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Is the Other Parent Getting the Advantage in Your Child/Spousal Support Order? - 30 Things You Can Do to Turn the Tide NOW!
Going through a family law case is agonizing emotionally, taxing financially, complicated, confusing, and expensive, regardless of whether you and your spouse are getting along or at each other’s throats, whether you have an attorney (or attorneys) or not, how much education you have, or how much money or how many children you have.
Among the many issues to be resolved in a divorce, courts are endowed with the greatest discretion when it comes to spousal support. How does one decide if there should be support, how much is appropriate and how long should it last?
Unlike child support, only vague guidelines are established in California for spousal support. Unfortunately, broad latitude is administered by judges with varying attitudes. Different results appear in cases with similar factual situations.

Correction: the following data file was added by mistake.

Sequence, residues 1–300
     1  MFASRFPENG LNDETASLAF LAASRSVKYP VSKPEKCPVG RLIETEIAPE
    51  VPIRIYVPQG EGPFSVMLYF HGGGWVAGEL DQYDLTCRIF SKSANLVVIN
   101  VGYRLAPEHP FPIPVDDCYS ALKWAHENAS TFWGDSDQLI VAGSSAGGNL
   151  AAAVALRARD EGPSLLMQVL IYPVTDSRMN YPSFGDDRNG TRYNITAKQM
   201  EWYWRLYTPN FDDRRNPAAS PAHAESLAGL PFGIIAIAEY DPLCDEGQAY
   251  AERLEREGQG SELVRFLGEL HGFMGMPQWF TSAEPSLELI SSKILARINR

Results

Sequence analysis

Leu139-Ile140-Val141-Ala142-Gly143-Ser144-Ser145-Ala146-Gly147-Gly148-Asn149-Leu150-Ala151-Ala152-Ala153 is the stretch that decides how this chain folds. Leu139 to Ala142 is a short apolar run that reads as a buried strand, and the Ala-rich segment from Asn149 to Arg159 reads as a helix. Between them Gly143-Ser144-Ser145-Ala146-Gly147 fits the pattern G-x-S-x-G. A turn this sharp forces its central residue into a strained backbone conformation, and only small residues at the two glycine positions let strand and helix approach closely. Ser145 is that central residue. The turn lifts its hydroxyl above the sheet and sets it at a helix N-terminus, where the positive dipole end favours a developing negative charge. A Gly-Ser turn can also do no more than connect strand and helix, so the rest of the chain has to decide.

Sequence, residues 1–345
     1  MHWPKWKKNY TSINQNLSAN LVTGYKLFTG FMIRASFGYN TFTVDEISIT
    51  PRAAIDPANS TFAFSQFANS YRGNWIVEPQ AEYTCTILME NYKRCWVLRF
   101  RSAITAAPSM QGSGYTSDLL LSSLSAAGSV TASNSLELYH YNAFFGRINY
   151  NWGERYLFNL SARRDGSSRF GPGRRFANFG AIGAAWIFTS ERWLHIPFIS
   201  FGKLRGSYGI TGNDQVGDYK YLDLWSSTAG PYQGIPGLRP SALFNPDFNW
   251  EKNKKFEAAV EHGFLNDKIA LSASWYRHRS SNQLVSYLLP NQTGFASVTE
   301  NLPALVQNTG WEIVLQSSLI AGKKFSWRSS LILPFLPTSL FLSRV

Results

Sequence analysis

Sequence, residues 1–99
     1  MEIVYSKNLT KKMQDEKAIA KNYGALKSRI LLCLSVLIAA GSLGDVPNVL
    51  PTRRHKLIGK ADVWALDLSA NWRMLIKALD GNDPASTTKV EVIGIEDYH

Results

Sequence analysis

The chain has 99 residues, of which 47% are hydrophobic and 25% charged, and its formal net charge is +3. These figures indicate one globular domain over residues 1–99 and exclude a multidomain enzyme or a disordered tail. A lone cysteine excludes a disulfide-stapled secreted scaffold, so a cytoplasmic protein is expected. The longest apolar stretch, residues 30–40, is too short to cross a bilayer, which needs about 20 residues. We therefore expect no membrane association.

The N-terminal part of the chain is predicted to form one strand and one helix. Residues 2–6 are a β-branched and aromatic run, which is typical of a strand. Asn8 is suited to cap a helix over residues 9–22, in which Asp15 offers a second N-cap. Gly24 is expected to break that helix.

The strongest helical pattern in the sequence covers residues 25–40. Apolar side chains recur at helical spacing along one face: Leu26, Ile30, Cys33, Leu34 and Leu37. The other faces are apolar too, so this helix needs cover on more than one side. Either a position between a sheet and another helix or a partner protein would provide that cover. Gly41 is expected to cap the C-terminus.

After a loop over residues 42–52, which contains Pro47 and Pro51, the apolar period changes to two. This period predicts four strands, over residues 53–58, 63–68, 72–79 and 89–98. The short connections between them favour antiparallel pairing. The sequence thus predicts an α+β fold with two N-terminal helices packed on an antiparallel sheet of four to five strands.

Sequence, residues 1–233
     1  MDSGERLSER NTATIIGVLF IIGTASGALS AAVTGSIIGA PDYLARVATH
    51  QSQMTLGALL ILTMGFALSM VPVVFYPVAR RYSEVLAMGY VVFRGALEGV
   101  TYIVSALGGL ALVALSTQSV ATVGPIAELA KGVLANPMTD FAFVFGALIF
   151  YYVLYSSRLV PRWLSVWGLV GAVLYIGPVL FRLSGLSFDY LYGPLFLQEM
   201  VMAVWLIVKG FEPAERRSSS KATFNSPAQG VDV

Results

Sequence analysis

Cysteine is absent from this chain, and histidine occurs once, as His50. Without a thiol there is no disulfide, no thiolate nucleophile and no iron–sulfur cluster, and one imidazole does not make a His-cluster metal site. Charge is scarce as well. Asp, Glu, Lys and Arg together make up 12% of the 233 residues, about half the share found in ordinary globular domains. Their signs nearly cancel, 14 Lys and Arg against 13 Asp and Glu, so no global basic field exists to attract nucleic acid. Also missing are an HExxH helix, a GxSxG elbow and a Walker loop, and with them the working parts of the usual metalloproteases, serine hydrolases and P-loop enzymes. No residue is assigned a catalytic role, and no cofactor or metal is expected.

Unlike child support, only vague guidelines are established in California for spousal support. Unfortunately, broad latitude is administered by judges with varying attitudes.
No payment should either be made or taken in cash, since there will always be a disagreement later or about whether a payment was made. Such disagreements create unnecessary court hearings.
The court may order a 30-day stay of dissolution of marriage proceedings when it appears that there is a reasonable possibility of reconciliation. This is up to the judge and is typically only exercised when one spouse comes forth and states that he or she would like to try to save the marriage through counseling.
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